Children's Support Centers
There is now an oasis for some of these kids. In a quiet neighborhood, in a pastel three-story house with columns and a terrace, Women for Afghan Women, run by Manizha Naderi, has created a fairy-tale home, the Children’s Support Center, with 49 children currently in residence.
- New York Times Magazine, Elizabeth Rubin, October 21, 2010
In 2003, when WAW held a conference on women's rights in Kandahar, we visited the women's prisons in Kabul and Kandahar. It was then that we discovered that in Afghanistan, women are imprisoned along with their children, and that no school or other activities are provided for these children. Seeing the women incarcerated in Pul-e-Charki, a hellish medieval-like fortress on a vast, desert-like plain outside Kabul, Manizha vowed to do something about this. Esther went to check it out again in 2008, and was sickened by the conditions: the filth, the chaos, the state of the children. WAW went to work immediately to raise money to get the kids out of there.
The European Commission expressed interest in the project, but before the grant was finalized, the female prisoners and their children were moved into a new facility in Kabul, incomparably superior to Pul-e-Charki, but still a prison. By the time the grant came through, we had chosen the building for the Children's Support Center (CSC) and were working on developing programs with Shahbibi, our brilliant CSC director.
WAW's CSC is a model of its kind in Afghanistan and would compare favorably with any similar facility in the world. There's an accelerated learning program to help the kids qualify for entrance into local schools, individual and group therapy, tutoring, computer and English classes, sports, entertainment, field trips. The children arrive angry, out of control, illiterate. Very soon they quiet down and throw themselves into their studies. No children in the world are more eager to learn than these kids. They are starving for education.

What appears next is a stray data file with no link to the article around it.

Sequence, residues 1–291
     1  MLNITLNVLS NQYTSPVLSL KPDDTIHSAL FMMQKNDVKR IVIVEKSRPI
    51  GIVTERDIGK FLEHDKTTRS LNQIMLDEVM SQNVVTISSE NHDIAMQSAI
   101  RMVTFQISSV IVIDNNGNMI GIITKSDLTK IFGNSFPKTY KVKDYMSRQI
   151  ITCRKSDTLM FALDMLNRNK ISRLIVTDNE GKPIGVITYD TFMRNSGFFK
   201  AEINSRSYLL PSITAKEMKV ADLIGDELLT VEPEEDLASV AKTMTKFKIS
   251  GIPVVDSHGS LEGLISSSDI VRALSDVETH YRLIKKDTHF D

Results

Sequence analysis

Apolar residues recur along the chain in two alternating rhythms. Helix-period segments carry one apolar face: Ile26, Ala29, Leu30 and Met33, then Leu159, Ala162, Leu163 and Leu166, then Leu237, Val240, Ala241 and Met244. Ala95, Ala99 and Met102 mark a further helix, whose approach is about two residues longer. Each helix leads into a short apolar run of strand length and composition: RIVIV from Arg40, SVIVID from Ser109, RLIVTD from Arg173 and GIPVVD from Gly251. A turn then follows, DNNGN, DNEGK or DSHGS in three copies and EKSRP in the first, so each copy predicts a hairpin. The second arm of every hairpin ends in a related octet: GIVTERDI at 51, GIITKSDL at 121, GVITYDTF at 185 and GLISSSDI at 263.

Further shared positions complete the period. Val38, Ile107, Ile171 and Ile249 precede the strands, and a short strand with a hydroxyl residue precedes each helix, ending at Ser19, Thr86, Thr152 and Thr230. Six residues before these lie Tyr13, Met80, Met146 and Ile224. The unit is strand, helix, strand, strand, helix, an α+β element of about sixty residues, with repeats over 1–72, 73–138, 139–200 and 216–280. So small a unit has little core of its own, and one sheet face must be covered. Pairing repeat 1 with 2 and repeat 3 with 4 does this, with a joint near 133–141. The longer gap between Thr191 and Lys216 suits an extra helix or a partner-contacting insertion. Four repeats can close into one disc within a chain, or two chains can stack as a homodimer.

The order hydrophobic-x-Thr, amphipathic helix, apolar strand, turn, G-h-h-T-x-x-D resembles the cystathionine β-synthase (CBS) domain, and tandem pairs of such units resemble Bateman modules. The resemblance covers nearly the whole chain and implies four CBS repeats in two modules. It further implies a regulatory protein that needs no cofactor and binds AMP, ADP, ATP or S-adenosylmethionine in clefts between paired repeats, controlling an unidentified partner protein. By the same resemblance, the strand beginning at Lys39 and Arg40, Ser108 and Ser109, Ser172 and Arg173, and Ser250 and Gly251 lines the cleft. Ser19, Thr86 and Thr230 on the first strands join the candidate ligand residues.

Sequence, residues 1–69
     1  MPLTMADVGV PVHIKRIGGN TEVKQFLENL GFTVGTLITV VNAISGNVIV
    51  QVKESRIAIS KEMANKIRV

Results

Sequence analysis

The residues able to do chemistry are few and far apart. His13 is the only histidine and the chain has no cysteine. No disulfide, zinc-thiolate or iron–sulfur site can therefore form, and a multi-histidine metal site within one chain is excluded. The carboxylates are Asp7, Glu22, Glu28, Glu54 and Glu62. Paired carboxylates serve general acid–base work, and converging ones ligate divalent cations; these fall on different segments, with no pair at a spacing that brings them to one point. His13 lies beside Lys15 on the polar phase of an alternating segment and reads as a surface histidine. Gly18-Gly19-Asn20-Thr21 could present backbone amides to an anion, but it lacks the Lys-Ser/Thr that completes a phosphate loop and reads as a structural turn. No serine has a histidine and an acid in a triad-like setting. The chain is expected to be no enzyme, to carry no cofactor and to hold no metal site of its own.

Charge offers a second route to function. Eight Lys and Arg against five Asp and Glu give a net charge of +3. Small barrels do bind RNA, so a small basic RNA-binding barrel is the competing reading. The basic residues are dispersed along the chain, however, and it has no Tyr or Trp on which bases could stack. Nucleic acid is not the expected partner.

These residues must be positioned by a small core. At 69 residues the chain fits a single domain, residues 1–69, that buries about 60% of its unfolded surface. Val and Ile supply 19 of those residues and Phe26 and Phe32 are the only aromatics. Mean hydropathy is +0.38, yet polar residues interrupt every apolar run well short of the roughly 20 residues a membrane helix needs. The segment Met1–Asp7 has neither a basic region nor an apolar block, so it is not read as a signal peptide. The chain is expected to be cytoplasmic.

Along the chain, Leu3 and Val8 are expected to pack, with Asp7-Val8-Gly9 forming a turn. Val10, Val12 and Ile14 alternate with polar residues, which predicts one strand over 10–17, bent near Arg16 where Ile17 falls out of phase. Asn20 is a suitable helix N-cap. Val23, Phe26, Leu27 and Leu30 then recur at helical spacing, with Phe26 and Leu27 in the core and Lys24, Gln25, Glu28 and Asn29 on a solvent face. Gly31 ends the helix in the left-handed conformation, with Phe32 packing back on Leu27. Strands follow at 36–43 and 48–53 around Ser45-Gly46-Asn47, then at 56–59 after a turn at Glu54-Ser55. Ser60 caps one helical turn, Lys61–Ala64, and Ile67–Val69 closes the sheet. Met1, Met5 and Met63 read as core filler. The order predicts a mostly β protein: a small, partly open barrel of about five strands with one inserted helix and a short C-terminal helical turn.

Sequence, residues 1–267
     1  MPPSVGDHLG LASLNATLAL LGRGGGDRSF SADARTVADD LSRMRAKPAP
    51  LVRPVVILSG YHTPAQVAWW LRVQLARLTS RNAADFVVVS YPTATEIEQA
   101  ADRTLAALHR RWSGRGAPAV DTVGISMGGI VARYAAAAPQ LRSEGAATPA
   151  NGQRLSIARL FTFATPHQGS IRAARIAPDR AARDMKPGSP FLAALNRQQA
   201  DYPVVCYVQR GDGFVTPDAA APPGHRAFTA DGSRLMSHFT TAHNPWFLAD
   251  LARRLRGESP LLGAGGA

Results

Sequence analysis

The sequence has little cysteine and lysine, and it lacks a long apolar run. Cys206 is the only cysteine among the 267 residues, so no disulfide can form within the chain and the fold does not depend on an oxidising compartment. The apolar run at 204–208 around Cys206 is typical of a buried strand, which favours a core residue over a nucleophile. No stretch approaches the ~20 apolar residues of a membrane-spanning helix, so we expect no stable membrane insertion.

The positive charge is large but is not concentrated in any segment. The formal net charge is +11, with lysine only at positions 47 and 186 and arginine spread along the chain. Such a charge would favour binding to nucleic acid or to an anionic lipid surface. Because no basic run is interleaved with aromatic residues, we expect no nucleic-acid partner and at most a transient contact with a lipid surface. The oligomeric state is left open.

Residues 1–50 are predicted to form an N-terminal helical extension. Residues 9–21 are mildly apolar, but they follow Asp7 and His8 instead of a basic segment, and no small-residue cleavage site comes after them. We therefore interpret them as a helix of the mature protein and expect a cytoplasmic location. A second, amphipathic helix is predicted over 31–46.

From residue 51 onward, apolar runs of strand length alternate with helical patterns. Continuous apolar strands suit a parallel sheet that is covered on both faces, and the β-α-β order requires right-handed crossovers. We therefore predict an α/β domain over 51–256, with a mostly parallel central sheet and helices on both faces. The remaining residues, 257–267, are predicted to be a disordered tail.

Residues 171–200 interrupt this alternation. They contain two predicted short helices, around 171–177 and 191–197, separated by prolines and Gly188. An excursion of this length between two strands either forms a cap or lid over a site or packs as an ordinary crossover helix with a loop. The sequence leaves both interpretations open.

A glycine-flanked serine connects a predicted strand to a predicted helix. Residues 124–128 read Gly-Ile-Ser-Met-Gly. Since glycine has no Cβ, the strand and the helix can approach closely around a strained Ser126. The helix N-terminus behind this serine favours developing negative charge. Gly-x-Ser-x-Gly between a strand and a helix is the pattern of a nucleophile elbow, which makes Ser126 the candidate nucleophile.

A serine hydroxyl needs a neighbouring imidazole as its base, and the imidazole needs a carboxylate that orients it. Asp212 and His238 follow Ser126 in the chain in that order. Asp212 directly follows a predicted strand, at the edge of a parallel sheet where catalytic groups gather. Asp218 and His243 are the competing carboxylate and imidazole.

When we opened the facility, we wondered if the mothers would let us take their children. In fact, not only did every single mother eagerly send her children to the CSC, they even begged us to take their infants and toddlers. (WAW has decided that we will only take children over age 5 into our CSCs since we believe that the younger kids are better off with their mothers.)
We started with 34 residents in our Kabul CSC in November of 2009. Now there are 65. it's a joyous place. Prisons all over the country are clamoring to get their children in. We have just opened 2 more CSCs--in Mazar and Kunduz--and have applied for funds to open a second facility in Kabul.
Note: When we were doing research for this project, we were surprised to learn—and our supporters may be as well—that most countries in the world (except the U.S.) allow children to live with mothers in prison. Countries in the “developed world” recognize that the bond between mother and baby is crucial for a child’s healthy development. They provide prison nurseries and have stringent regulations governing the health of mothers and babies, their rights, the conditions of the nurseries. The average age limitation for children in prisons in European countries is 3 years. In poor countries children may live with mothers well into teen years because families on the outside are too poor to raise them. In Afghanistan, although there’s a law that limits the age of children in prison to 6 years, mothers have good reason to fear sending them to their families: children will be abused, used as servants, girls may be sold. Our experience has confirmed their fears.